Located between Nakhal and Al Rustaq, Al Awabi is a quaint traditional-looking Omani town nestled at the foot of the Al Hajar Mountain range.

The small village of Al Awabi straddles Hwy 13, the road that links the important towns of Barka with Rustaq. With some attractive modern houses painted in pastel hues in defiance of the national 'white only' regulation, this is a typical Batinah Plain village. It boasts a fort but not very much else by way of sights, but it has an important function as the gateway to Wadi Bani Kharus.
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Mirbat

once the capital of Dhofar

East of Salalah, the coastal town of Mirbat was once the capital of Dhofar, trading in frankincense and Arabian horses. Today, visitors can spot dhows heading out to fish, or explore the old merchant houses near Mirbat Fort.

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Al Buraimi Park

a family-friendly oasis

Al Buraimi’s largest park is a quiet, family-friendly oasis in the city centre with an abundance of well-maintained greenery and play equipment.

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Day 7

Muscat

Time to unwind and explore Oman’s capital. Including some time at one of the many city beaches, such as Qurum Beach which is great for beach walks or a swim. The Children’s Museum is a science museum housed in two unique, domed buildings not far from the beach. The Children Public Library is just opposite. What better way to end a family holiday than with a sunset Dhow cruise, offered by several tour operators. You might even spot dolphins!

Bird Watching in Quriyat

a favourite with bird watchers

The fishing village of Quriyat, en route to Sur, is a favourite with bird watchers. Species such as kingfishers and grey herons are known to frequent the surrounding lagoons.

Read MoreRead Less
Yiti Beach

Frequented by locals as well as tourists

The Yiti Beach, located beyond the village of Yiti, is a small beach - about one kilometre long - that can be easily reached by car. Frequented by locals as well as tourists, it is a great spot to enjoy barbecues, camping, and fishing.

Jagged rocks formed by sea salt winds and waves stick out of the Sea of Oman creating the sheltered bay of Yiti Beach. Just 28-kilometres from the centre of Muscat, the beach is known as a place of solitude and relaxation – an escape from the hectic city. The sand takes on an orange hue and the water changes to a deeper blue as the sun sets and the light changes. Lay on the rocks overlooking the beach at twilight or find an area along the strip of soft sand.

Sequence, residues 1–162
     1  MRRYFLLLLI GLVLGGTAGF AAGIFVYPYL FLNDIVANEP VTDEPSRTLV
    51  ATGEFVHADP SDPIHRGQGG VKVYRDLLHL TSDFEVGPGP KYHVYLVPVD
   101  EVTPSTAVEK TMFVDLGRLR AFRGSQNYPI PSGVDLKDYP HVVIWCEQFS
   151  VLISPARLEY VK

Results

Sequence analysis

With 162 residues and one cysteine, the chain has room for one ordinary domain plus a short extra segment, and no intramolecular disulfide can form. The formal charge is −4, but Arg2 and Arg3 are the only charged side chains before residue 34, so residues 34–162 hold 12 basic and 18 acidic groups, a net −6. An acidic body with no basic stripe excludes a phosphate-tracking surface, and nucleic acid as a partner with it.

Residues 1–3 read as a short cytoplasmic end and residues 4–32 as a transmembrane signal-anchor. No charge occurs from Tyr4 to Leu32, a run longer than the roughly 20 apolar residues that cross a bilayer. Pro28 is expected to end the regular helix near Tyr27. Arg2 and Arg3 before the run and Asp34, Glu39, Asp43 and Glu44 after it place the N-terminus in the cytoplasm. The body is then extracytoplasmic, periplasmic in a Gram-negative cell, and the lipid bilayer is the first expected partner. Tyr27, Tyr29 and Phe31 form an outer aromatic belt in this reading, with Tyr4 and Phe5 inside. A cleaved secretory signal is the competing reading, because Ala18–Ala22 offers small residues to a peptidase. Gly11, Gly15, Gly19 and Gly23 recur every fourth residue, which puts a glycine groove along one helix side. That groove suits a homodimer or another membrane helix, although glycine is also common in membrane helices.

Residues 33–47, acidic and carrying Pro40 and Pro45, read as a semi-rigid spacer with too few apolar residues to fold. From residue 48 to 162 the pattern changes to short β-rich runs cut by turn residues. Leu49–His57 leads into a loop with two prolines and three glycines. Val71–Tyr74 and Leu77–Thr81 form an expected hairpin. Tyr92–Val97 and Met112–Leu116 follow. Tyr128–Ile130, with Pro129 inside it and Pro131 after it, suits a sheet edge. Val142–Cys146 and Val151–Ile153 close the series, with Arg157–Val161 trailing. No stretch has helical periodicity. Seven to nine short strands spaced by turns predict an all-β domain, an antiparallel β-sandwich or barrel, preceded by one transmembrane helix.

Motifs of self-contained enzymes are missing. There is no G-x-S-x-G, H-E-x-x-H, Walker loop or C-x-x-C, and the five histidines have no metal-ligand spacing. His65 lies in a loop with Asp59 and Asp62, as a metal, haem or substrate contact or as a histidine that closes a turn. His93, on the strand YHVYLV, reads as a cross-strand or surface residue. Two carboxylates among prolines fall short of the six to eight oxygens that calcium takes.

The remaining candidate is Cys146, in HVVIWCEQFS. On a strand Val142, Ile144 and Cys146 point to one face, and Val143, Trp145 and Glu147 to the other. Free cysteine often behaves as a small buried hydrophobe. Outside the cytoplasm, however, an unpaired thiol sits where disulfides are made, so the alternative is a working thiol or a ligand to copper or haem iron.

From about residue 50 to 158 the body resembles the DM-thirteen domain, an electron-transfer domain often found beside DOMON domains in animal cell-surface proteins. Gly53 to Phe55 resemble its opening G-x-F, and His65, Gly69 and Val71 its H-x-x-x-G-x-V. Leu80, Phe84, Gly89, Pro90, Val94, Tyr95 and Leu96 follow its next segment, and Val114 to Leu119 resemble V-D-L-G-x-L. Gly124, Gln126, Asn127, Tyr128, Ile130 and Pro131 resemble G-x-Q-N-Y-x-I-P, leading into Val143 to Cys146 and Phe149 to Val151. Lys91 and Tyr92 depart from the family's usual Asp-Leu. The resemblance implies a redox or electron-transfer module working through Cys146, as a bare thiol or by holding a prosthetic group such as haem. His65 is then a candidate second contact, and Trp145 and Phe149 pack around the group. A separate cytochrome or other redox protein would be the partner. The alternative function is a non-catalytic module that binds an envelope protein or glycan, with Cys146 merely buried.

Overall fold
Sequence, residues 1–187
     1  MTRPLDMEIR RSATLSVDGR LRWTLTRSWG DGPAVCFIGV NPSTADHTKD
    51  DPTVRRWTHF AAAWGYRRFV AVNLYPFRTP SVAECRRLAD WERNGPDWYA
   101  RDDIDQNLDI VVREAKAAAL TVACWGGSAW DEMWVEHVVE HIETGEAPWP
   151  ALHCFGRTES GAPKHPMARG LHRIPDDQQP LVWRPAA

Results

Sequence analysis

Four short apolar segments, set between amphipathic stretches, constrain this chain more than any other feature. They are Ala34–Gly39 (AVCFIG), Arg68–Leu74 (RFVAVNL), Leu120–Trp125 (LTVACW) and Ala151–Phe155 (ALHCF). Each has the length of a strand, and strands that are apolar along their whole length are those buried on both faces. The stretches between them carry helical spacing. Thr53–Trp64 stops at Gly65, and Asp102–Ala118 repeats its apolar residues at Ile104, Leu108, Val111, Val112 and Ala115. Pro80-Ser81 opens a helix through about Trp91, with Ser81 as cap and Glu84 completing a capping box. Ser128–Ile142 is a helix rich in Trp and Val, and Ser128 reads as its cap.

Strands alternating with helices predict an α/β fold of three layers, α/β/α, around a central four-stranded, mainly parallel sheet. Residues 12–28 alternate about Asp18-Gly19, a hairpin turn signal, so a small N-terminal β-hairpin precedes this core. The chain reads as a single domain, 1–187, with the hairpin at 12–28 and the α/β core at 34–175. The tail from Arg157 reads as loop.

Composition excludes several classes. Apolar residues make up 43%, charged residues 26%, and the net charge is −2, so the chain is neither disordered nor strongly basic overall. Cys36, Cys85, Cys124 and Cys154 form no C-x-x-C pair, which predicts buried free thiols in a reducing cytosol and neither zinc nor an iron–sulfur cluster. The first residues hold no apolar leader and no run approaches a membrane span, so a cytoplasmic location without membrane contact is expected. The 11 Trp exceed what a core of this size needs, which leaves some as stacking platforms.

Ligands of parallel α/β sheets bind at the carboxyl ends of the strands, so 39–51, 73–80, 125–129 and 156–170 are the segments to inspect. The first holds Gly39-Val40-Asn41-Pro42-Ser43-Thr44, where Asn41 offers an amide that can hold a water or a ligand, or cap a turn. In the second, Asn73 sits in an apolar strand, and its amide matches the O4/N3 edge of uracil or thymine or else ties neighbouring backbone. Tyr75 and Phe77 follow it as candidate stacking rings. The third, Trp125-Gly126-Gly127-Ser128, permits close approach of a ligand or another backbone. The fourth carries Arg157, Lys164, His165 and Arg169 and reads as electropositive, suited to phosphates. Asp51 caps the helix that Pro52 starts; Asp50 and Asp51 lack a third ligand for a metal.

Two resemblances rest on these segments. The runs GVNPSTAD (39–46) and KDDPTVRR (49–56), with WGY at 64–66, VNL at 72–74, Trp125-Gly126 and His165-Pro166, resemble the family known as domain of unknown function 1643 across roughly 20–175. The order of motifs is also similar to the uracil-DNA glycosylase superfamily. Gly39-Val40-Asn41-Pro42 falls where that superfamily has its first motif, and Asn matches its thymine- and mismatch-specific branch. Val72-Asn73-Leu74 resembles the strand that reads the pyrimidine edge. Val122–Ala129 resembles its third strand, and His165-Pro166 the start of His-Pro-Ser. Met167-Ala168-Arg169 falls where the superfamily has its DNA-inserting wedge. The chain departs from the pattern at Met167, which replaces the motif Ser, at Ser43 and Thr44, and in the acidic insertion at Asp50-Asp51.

Read MoreRead Less
Place and People Museum

a modern art gallery

Place and People Museum is located along Muttrah’s beautiful waterfront – or corniche – and divided into three different exhibits: an old Omani house showcasing living in the Sultanate in the 1950s to 1970s, a museum highlighting Omani clothing and a modern art gallery.

Place and People Museum is an exclusive addition to the Omani cultural scene, opened in January '2011 Located near the Muttrah Fort, the museum is a dream project of Her Highness Sayyida Dr Ghalya bint Fahr bin Taimour Al Said. The Old house is a group of typical Omani houses from the period of 1950 to 1975 that tell the story of the Omanis and their deeply rooted heritage, customs and traditions. The Wedding, the Kitchen and Display Rooms, the Mother and Children’s Room, the Winter Room, the Majlis (Living Room), Musabbeh’s Room describe the earlier Omani lifestyle which still finds echoes in today’s traditions. The museum displays a subtlety combined with a sense of immediacy (to transport the visitor back in time) in showing Omani life at this period in the form of the historic contents of their homes, their art, artifacts and inventions.
Read MoreRead Less
Wadi Mayh

A unique Omani geological site

Wadi Mayh is recognised as a unique Omani geological site, due to its lime stone cliffs and interesting rock formations. The wadi features numerous date palm plantations and irrigation channels as well as water pools where visitors can take a dip and cool off.

Wadi Mayh is a long valley that lies between Yiti and Sifah, along the highway to Quriyat. In the western part of the valley,  an enormous mountain range that appears to have been naturally engraved with many layers created during different geological periods. Now, it looks like a massive display of rock art. This picturesque landscape is dotted with small streams and pools of fresh water, which are an intense turquoise blue in colour. Two villages are conveniently situated on the edge of the wadi in the middle of the valley.
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  • - 1 Day

    1 Day

    One day may not feel long to experience everything Oman has to offer but with some careful planning and clever selections you can certainly make the most of every minute.

  • - 3 Days

    3 Days

    Whether an extended weekend, stopover or short city break, three days in Oman can deliver lasting memories and build anticipation for your next visit.

  • - 7 Days

    7 Days

    If you have a bit more time, why not head to Oman’s far south and explore Salalah – the gulf’s only tropical destination.

  • - 12 Days

    12 Days

    A longer trip to Oman allows you to go further, see more and do more. With 12 days, you can fully appreciate the wonders Oman has to offer from boat trips to mountain hikes, immersing yourself in the culture and creating an unforgettable experience.